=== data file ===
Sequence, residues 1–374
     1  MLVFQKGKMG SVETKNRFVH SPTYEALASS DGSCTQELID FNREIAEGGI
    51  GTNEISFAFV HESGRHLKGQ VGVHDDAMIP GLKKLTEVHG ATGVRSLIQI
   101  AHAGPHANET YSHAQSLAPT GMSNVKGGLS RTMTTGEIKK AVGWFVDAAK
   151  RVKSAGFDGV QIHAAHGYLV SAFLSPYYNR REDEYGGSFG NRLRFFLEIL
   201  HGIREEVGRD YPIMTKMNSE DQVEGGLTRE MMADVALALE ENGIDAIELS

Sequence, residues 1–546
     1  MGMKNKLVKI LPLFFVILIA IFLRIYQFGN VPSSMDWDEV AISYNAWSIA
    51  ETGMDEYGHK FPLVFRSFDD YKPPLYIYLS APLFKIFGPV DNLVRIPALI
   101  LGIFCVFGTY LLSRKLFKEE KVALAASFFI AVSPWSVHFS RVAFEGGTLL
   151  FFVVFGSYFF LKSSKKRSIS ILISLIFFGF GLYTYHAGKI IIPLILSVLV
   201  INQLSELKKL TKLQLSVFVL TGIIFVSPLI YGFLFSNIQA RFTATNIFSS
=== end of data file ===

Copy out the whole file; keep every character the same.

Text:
Sequence, residues 1–374
     1  MLVFQKGKMG SVETKNRFVH SPTYEALASS DGSCTQELID FNREIAEGGI
    51  GTNEISFAFV HESGRHLKGQ VGVHDDAMIP GLKKLTEVHG ATGVRSLIQI
   101  AHAGPHANET YSHAQSLAPT GMSNVKGGLS RTMTTGEIKK AVGWFVDAAK
   151  RVKSAGFDGV QIHAAHGYLV SAFLSPYYNR REDEYGGSFG NRLRFFLEIL
   201  HGIREEVGRD YPIMTKMNSE DQVEGGLTRE MMADVALALE ENGIDAIELS

Sequence, residues 1–546
     1  MGMKNKLVKI LPLFFVILIA IFLRIYQFGN VPSSMDWDEV AISYNAWSIA
    51  ETGMDEYGHK FPLVFRSFDD YKPPLYIYLS APLFKIFGPV DNLVRIPALI
   101  LGIFCVFGTY LLSRKLFKEE KVALAASFFI AVSPWSVHFS RVAFEGGTLL
   151  FFVVFGSYFF LKSSKKRSIS ILISLIFFGF GLYTYHAGKI IIPLILSVLV
   201  INQLSELKKL TKLQLSVFVL TGIIFVSPLI YGFLFSNIQA RFTATNIFSS